The idea of Animal Spirits would on the surface appear to be at odds with the technical concept of “Rational Expectations”, or the idea that in an economic model an individual’s subjective expectations of an event should coincide with the mathematical expectations of said event. However, the concepts are not necessarily at odds. Take for example, a sudden outbreak of “animal spirits” which causes people to become optimistic about the price of bitcoin. They then purchase bitcoin en masse, driving up the price. If the equilibrium price happened to coincide with their initially optimistic projections, their animalistic expectations would technically be ‘rational’. Another way of thinking about rational expectations is that people’s beliefs become a self-fulfilling prophecy — the simple act of believing the economy will tank in fact causes the economy to tank, exactly in line with expectations.
Most of the macro literature that writes about ‘animal spirits’ actually works within the rational expectation framework. And a lot of it would seem at first glance to really capture the idea that fluctuations in optimism and pessimism can cause recessions. In Liquidity Traps and Jobless Recoveries by Schmitt-Grohe and Uribe (2017), negative expectations of inflation and employment cause agents to cut spending, leading to a low employment / inflation equilibrium that is self-fulfilling. Even better, the equilibrium features involuntary unemployment. Heathcote and Perri (2017) have a model with recessions caused by a similar channel. In Fiscal Policy in an Expectations-Driven Liquidity Trap, Mertens & Ravn (2014) have a self-fulfilling recession caused by low expectations. Roger Farmer has written papers in which depressions are caused by self-fulfilling expectations about the economy or the stock market.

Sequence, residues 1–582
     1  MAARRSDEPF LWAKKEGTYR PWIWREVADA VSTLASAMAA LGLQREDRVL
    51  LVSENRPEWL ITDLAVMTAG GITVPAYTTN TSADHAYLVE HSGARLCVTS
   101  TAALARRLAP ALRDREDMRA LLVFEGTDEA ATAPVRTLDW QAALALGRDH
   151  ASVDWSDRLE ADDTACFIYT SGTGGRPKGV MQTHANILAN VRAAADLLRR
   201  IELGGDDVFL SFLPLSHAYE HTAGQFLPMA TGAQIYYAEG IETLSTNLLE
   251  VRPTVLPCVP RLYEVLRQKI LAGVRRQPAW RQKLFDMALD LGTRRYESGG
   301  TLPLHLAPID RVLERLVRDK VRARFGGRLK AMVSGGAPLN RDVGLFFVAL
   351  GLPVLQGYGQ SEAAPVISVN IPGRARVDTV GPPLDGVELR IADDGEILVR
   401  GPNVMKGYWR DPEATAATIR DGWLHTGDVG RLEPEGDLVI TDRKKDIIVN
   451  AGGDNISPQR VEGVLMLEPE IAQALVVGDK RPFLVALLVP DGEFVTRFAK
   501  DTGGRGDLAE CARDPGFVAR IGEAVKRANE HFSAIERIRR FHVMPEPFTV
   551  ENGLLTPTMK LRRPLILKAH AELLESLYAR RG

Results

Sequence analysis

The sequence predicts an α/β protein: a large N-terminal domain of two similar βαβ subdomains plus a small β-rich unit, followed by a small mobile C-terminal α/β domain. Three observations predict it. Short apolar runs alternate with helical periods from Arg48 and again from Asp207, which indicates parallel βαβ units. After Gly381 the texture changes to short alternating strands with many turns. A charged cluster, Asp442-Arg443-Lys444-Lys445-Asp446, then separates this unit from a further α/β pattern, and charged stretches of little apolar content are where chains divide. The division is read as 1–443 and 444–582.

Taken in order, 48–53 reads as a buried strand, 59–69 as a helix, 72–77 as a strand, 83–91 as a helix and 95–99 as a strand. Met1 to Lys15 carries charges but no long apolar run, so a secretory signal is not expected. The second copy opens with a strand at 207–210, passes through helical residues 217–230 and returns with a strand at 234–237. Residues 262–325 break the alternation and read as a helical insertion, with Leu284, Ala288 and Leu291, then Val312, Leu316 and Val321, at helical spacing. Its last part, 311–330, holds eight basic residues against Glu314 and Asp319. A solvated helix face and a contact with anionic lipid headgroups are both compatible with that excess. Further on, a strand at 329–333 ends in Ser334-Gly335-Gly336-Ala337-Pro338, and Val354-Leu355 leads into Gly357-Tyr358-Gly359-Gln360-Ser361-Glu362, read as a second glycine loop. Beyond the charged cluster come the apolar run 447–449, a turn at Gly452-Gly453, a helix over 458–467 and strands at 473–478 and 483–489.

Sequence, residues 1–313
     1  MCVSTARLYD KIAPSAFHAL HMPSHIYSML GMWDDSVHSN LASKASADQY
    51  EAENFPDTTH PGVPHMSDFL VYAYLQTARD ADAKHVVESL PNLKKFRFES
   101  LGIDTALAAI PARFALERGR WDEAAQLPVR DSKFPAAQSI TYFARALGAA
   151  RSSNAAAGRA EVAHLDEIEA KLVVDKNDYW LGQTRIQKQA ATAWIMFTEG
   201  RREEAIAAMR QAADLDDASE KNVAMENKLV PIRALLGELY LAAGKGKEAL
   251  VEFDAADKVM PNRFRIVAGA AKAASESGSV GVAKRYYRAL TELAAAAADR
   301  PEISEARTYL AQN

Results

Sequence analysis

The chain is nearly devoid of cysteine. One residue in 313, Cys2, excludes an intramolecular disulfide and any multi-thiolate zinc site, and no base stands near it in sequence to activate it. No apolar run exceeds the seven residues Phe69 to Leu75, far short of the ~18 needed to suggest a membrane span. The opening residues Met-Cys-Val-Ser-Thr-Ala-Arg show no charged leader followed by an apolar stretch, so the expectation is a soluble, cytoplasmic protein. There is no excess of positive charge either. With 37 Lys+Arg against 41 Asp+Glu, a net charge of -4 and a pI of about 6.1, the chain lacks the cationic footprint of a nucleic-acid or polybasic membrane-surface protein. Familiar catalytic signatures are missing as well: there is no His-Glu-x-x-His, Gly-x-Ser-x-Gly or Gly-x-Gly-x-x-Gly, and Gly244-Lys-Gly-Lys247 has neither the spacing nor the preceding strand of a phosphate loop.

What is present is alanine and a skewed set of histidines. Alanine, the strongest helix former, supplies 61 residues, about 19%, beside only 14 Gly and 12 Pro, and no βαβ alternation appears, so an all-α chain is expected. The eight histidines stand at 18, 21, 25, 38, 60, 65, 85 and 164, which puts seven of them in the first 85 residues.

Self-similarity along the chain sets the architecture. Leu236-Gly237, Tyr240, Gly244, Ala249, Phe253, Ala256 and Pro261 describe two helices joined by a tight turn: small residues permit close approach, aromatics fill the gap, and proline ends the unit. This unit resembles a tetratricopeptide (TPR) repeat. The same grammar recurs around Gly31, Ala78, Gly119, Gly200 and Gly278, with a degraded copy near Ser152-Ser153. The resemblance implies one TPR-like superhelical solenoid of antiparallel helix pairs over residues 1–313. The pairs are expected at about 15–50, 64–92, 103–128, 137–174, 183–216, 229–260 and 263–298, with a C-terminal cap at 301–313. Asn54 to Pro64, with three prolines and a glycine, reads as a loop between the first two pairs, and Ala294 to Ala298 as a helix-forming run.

At a first glance, then, the ideas of Keynes seem to be well represented by these modern macro models. Surprisingly, however, the policy conclusions that fall out of the three strands of this literature on ‘self-fulfilling recessions’ is decidedly anti-Keynesian. In Schmitt-Grohe and Uribe (2017) and Heathcote and Perri (2017), the best way to ensure the economy never reaches a bad equilibrium is to raise interest rates through an interest rate peg. In Mertens & Ravn (2014), the best way to raise output is to cut government spending. And in Farmer’s models, government spending has no impact on output. These surprising effects of government policy I refer to as Neo-Fisherian results.
Both classes of Neo-Fisherian effects are closely driven by the expectations that the policies induce. Interest rate pegs in Schmitt-Grohe and Uribe (2017) eliminate any potential rational expectation equilibrium with inflation below target. When a peg is introduced, agents immediately realize there is no possibility of a bad equilibrium, raising expectations of output and causing the economy to converge to full employment. In Mertens & Ravn (2014), a cut in government spending immediately raises expectations of output, increasing spending and employment.
These results are startling, and seem on the surface unrealistic. How do agents know that the ‘bad equilibrium’ goes away if the central bank pegs interest rates? What causes agents to become optimistic about the future when government increases spending? And why is the traditional Keynesian multiplier reversed in sign?
Stay tuned for next week’s post.